The full moon was holding forth in the southern sky, the sun was announcing its fiery intent to occupy the east and Venus and Jupiter floated on apricot clouds at points in between when Koko and I went out walking this morning.
And then some dark clouds came in and snuffed out the moon and tamped down the sun and everything went into a flat gray holding pattern, anticipating the change of dawn.
A similar situation is under way in Peru, where indigenous people are in a stand-off with President Alan Garcia’s government over his plans to exploit their native lands for oil, gas and other development purposes.
Thousands of indigenous protesters fought back and reportedly killed some 22 members of a paramilitary police force sent in to shut them up and down. For this, Garcia accused them of “barbarity,” a term he apparently does not extend to the actions of his own riot police. As Democracy Now! reports:
On Friday morning, some 600 Peruvian riot police and helicopters attacked a peaceful indigenous blockade outside of Bagua, killing twenty-five and injuring more than 150. Eyewitness accounts indicate the police fired live ammunition and tear gas into the crowd.
Alberto Pizango, the leader of the national indigenous organization, the Peruvian Jungle Interethnic Development Association, or AIDESEP, accused the government of President Alan Garcia of ordering the, quote, “genocide” of the indigenous communities.
Pizango is now in hiding after a judge ordered his arrest Saturday on charges of sedition and for allegedly inciting violence.
Hmmm. So apparently it's OK to use force and violence to carry out the repressive actions of the state, but if one uses such tactics to resist those actions, its sedition and inciting violence.
I also was intrigued that Garcia accused the protestors of “impeding progress” due to their “elemental ignorance" or manipulation by outside interests, a situation that he warned would lead Peru into “irrationality and a backwards primitive state.”
That very same language has been used repeatedly in Hawaii to deride and denounce those who have bucked the powers that be on everything from building telescopes on Mauna Kea and desecrating burials to growing genetically modified crops and running the Superferry without an EIS.
In Peru, as here and elsewhere, it’s a standoff between those who advocate the pursuit of money at any cost, and have the guns on their side to facilitate it, and those who understand that natural environments and indigenous cultures are irrevocably damaged and even lost in that mad rush toward a perverted definition of “progress,” and so their defenders should have a say in what happens to them.
ALBERTO PIZANGO: [translated] They’ve said that we indigenous peoples are against the system, but, no, we want development, but from our perspective, development that adheres to legal conventions, such as the United Nations International Labour Organization’s Convention 169, that says we, the indigenous peoples, have to be consulted. The government has not consulted us.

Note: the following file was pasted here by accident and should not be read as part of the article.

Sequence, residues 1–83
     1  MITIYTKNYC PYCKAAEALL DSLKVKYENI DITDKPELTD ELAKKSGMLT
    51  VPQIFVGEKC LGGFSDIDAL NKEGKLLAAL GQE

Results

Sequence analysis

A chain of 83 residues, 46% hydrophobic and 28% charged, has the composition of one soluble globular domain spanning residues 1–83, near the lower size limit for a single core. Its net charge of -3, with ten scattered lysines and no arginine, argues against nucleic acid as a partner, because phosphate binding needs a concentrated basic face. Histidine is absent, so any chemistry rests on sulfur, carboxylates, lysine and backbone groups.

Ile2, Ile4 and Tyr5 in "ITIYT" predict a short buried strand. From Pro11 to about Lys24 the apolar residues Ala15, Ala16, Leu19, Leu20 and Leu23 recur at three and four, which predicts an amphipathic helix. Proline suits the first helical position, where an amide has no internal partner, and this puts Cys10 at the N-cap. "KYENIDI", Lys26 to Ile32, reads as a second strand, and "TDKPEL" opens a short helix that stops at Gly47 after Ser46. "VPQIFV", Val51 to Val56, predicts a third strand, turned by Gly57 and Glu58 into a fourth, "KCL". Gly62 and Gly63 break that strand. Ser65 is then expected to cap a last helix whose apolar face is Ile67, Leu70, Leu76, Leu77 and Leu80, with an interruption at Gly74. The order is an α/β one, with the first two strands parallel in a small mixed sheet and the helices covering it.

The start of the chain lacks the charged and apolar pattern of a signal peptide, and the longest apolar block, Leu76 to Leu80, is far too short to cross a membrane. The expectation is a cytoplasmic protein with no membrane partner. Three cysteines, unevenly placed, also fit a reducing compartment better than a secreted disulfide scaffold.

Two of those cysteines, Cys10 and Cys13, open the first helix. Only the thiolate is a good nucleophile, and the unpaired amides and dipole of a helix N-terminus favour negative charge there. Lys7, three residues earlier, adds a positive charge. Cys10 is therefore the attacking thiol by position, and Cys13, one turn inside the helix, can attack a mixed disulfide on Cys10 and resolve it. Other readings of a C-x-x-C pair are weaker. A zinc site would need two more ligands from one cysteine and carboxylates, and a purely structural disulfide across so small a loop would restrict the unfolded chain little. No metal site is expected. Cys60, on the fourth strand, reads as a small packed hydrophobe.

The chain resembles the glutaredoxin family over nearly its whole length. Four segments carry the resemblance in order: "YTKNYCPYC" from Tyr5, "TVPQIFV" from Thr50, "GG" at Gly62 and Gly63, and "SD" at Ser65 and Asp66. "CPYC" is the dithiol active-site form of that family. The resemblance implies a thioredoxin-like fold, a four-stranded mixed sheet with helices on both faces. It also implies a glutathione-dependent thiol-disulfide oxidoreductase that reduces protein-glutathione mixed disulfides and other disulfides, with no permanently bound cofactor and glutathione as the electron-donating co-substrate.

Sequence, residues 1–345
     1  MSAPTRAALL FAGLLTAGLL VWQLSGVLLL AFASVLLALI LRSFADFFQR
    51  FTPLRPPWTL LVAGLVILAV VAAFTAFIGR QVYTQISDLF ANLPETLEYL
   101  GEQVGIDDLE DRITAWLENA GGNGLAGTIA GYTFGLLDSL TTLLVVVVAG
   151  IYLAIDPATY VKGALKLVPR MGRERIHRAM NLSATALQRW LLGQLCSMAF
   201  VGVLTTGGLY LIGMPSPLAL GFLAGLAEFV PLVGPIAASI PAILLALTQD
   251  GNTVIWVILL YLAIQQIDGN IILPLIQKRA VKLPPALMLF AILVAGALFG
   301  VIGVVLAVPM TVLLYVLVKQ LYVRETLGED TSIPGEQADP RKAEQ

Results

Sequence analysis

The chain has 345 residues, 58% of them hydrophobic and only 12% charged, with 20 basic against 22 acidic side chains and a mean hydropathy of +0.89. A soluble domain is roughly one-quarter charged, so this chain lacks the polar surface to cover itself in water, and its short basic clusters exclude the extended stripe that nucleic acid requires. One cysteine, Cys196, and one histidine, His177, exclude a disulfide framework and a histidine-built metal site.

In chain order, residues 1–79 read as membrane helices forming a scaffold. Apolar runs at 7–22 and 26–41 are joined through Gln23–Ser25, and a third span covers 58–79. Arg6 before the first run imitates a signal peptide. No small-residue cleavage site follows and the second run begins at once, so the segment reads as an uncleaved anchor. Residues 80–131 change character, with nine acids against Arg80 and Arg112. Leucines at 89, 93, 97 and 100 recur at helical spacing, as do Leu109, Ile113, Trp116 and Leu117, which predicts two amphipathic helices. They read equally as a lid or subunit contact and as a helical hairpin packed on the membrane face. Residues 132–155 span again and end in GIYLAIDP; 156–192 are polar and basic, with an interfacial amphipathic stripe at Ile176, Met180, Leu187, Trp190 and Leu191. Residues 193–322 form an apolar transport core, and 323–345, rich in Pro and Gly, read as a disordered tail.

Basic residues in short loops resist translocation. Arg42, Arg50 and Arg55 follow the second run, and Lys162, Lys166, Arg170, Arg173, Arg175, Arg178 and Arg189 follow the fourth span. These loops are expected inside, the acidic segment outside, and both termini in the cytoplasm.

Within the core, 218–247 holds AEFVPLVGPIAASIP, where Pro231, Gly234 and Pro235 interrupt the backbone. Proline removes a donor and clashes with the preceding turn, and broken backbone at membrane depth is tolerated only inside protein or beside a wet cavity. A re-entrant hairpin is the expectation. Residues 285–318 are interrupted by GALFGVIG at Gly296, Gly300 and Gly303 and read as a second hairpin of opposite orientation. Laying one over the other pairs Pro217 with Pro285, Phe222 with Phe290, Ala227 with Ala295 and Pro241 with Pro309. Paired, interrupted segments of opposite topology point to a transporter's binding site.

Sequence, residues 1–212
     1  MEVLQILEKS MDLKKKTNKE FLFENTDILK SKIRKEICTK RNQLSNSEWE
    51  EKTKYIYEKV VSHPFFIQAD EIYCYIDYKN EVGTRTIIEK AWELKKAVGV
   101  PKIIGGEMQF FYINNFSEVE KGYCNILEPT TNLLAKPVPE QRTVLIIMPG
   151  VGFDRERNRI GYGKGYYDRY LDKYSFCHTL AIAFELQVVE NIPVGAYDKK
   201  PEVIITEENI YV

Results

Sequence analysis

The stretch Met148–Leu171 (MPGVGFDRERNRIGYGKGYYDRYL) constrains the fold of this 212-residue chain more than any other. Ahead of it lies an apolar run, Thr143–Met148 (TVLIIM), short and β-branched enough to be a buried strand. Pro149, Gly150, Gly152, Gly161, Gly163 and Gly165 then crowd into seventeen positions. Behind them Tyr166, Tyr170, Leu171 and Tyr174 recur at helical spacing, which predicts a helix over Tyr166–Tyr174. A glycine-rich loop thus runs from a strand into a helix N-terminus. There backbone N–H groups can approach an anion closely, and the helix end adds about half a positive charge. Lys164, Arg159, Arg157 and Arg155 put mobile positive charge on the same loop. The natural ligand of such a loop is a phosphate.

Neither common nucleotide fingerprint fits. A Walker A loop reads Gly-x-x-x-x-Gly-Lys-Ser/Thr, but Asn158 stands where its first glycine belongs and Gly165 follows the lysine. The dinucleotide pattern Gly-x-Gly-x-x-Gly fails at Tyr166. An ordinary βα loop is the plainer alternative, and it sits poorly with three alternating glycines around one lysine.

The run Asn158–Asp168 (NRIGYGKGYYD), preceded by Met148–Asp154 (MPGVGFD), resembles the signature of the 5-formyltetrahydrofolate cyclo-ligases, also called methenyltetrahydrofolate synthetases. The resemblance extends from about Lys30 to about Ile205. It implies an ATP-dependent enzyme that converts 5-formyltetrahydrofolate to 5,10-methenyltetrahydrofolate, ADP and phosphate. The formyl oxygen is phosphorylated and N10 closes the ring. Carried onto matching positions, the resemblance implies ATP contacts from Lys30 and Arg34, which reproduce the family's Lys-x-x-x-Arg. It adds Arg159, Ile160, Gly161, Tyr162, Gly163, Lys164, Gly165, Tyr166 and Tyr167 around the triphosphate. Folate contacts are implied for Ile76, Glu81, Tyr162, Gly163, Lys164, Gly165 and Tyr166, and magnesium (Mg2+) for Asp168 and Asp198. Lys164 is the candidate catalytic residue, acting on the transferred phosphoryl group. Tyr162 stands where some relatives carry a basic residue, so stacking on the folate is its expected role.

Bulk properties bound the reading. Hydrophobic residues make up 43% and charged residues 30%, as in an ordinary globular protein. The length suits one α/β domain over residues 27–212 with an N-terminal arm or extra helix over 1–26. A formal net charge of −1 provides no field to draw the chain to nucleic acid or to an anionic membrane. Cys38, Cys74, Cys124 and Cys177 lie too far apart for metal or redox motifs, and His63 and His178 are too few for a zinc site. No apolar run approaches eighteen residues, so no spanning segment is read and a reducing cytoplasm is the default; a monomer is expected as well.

As often happens, I was musing over these parallel struggles when I picked up The New Yorker and happened to turn to a fascinating article entitled “How David Beats Goliath,” which shed light on this very topic.
In it, Malcolm Gladwell reported on the research of political scientist Ivan Arreguín-Toft, who “recently looked at every war fought in the past two hundred years between strong and weak combatants. The Goliaths, he found, won in 71.5 per cent of the cases.”
In the Biblical story of David and Goliath, David initially put on a coat of mail and a brass helmet and girded himself with a sword: he prepared to wage a conventional battle of swords against Goliath. But then he stopped. “I cannot walk in these, for I am unused to it,” he said (in Robert Alter’s translation), and picked up those five smooth stones. What happened, Arreguín-Toft wondered, when the underdogs likewise acknowledged their weakness and chose an unconventional strategy? He went back and re-analyzed his data. In those cases, David’s winning percentage went from 28.5 to 63.6. When underdogs choose not to play by Goliath’s rules, they win, Arreguín-Toft concluded, “even when everything we think we know about power says they shouldn’t.”
Yet most of the time, Arreguín-Toft discovered, underdogs didn’t fight like David. Instead, they chose to go toe-to-toe with Goliath the conventional way — and usually lost. Why? Drawing upon the analogy of an underdog basketball team defeating opponents through use of the full court press, Gladwell notes:
It is easier to retreat and compose yourself after every score than swarm about, arms flailing. We tell ourselves that skill is the precious resource and effort is the commodity. It’s the other way around. Effort can trump ability—legs, in Saxe’s formulation, can overpower arms—because relentless effort is in fact something rarer than the ability to engage in some finely tuned act of motor coördination.
Perhaps that's why persons either unarmed, or armed only with spears, have been able to successfully blockade roads and waterways, take over an airport used by Argentine oil company Pluspetrol, shut down oil production and halt the flow of oil out of the Peruvian jungle.
Further, Gladwell notes, the underdogs have to be willing to endure the cries of foul play — Garcia’s claims of “barbarity” in Peru and Anonymous' claims of "superstitious tribalism" in the Naue burial dispute, to cite two examples — when they decide not to take the conventional route of playing by Goliath’s rules.
But let’s remember who made that rule: Goliath. And let’s remember why Goliath made that rule: when the world has to play on Goliath’s terms, Goliath wins.